Hain Celestial's Terra Chips has formed an unusual partnership with the makers of an independent film, in which they are collaborating to cross-promote the movie and the snack brand, sans heavy-handed in-film product placements. The movie, "Beneath the Harvest Sky," is the first fictional feature film from indie filmmakers Aron Gaudet and Gita Pullapilly, up to now known for their documentaries (such as the Emmy-nominated "The Way We Get By").
The connection: The new film is a coming-of-age story that's set in Van Buren, Maine -- on a family farm (owned by the LaJoie family) that is Terra Chips' primary supplier for the blue potatoes used in its Terra Blues Potato Chips.
The story line involves the testing of the friendship between two local teenagers (played by Callan McAuliffe and Emory Cohen), as one works his last harvest on the farm to earn the money for the two to start new futures, while the other gets caught up in the illegal drug trade between Maine and Canada.
For Terra Chips, which has been highly selective about marketing integrations, the movie partnership represents a way to continue the brand's "narrative" around its real-life partnerships with the LaJoie farm and other family farms in an authentic, realistic way, Jared Simon, director of marketing for Hain Celestial Snacks, tells Marketing Daily. The brand expects the film to expose a broad audience to the story of how the hard work of family farmers growing diverse crops results in consumers being able to enjoy Terra Chips snacks, he says.
The film, which made its debut at the Toronto International Film Festival on Sept. 8, is in the process of seeking national and international distribution.
Before filming began, Terra Chips agreed to supply funding (amount not being disclosed) for marketing support for the film. However, most of the deal involves "in kind" benefits and cross-promotions, reports Simon.
The brand and the filmmakers agreed up front that Terra Chips would not interfere in the film's artistic vision -- the brand's visible product placement is limited to a Terra Chips truck being shown picking up a load of blue potatoes at the farm during the film, according to Simon. "We wanted the filmmakers to make the film they envisioned, and for Terra Chips to get credit [with the film's audience] for supporting a quality film," he says.
In a Q&A on the film's Web site, its co-writer/producer/director Pullapilly explains that she and Gaudet realized how important Terra Chips is to the LaJoie farm and the economy of the town of Van Buren while they were researching the story for the film, which in turn spurred the idea of "reaching out" to Terra Chips to see if they could work together. She also stresses that the relationship was feasible because Terra was amenable to "seamlessly integrating" the brand "without sacrificing the art."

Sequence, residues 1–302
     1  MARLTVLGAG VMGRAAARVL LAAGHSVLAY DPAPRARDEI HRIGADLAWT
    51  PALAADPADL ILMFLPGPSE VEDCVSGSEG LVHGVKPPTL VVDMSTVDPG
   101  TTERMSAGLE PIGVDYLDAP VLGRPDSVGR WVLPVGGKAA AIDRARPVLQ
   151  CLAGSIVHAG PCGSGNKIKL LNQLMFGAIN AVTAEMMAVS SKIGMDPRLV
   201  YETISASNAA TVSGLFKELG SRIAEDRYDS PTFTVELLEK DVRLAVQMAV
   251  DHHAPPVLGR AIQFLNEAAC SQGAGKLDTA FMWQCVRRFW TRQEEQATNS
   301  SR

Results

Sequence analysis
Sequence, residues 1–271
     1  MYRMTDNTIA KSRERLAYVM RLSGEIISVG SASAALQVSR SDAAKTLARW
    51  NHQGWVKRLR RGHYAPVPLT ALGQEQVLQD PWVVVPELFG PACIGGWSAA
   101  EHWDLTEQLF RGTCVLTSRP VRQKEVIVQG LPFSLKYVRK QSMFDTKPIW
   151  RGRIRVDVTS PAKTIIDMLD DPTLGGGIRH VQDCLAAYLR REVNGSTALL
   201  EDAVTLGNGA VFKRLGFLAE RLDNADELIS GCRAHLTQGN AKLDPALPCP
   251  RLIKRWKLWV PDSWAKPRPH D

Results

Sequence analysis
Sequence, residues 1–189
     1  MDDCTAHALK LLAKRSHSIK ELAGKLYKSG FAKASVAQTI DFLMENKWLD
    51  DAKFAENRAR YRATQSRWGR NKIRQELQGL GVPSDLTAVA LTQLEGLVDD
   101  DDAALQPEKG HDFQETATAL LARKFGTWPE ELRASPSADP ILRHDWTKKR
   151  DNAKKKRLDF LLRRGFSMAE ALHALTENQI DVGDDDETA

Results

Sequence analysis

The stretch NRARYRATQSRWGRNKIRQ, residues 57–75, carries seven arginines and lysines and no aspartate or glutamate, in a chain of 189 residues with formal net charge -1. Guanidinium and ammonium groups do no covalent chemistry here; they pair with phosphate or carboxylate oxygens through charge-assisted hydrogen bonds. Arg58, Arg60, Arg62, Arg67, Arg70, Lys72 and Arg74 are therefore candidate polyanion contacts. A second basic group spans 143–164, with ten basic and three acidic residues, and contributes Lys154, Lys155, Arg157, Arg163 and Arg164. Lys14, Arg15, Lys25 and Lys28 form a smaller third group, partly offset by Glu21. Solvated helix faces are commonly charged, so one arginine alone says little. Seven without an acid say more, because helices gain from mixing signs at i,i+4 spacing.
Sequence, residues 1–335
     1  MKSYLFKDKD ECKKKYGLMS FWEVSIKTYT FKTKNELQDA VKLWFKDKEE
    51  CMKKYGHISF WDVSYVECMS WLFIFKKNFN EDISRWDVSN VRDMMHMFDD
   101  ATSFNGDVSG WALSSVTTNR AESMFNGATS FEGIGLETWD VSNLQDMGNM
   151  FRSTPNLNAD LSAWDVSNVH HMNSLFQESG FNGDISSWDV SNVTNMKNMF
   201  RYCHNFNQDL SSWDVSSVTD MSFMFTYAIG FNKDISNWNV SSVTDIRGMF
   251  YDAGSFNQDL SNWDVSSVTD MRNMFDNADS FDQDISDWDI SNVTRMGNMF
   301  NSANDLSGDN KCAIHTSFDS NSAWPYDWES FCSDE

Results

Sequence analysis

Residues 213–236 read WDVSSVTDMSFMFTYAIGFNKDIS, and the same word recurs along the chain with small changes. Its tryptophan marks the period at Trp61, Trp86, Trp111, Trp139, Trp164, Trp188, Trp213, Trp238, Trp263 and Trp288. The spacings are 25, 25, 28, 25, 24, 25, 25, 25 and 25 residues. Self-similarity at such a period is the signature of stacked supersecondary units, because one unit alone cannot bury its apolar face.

Simon reports that the filmmakers, through work with a Harvard Business School business-plan-related field project, presented Terra Chips with demographics and psychographics for independent film viewers/arts enthusiasts. These meshed nicely with Terra Chips' consumer profile: Fans of this leading, premium-priced vegetable chip brand tend to be well-educated, affluent and sophisticated, he says. Further, the film is expected to appeal to teen and young-adult consumers, key target groups for the brand, he adds.
Terra Chips is already promoting the movie on its Facebook page, and had a presence at the Toronto festival -- selling bags of Terra Blues stickered with a promotion for the movie, and distributing samples of those bags at the event's parties.
But most of the promotional efforts will commence once the film's distribution deal(s) are finalized (the goal is to follow a theatrical release with distribution via media such as Blu-ray/DVDs, VOD and digital streaming), Simon says.
The specific nature of many of those promotions will depend on the details of the movie's actual distribution deals. But the efforts will include promoting the movie on bags of Terra Blues, as well as employing Terra Chips' Web site and social media assets.
The brand is also talking with some of its own partners about participating in potential marketing initiatives based on the movie, reports Simon. (Although no such plan has been announced, Jet Blue would seem to be one obvious possible third-party partner, since Terra Chips is the "official snack" of that airline.)
Simon says that there will be many potential opportunities over time to connect with people who have seen the movie in theaters or through other channels, including product sampling and rewarding brand fans via movie-themed activities such as sweepstakes. Around the film's release, the brand will also be sharing with its fans opportunities to be the "first to see interesting content" that will be posted on the movie's Web site and Facebook page, as well as in other media.
Another key benefit, from Terra Chips' standpoint, is that as part of the deal, the filmmakers created customized content that the brand can use for marketing purposes: a two-minute documentary on the LaJoie farm and its longstanding relationship with Terra Chips.
For the filmmakers and their company, Sunny Side Up Films, the partnership offers marketing/promotional support rarely enjoyed by indies. Equally important, having that support up front provides negotiating leverage with distributors.
According to Variety, Sunny Side Up employed an agent from Manatt, Phelps and Phillips to negotiate the deal with Hain Celestial.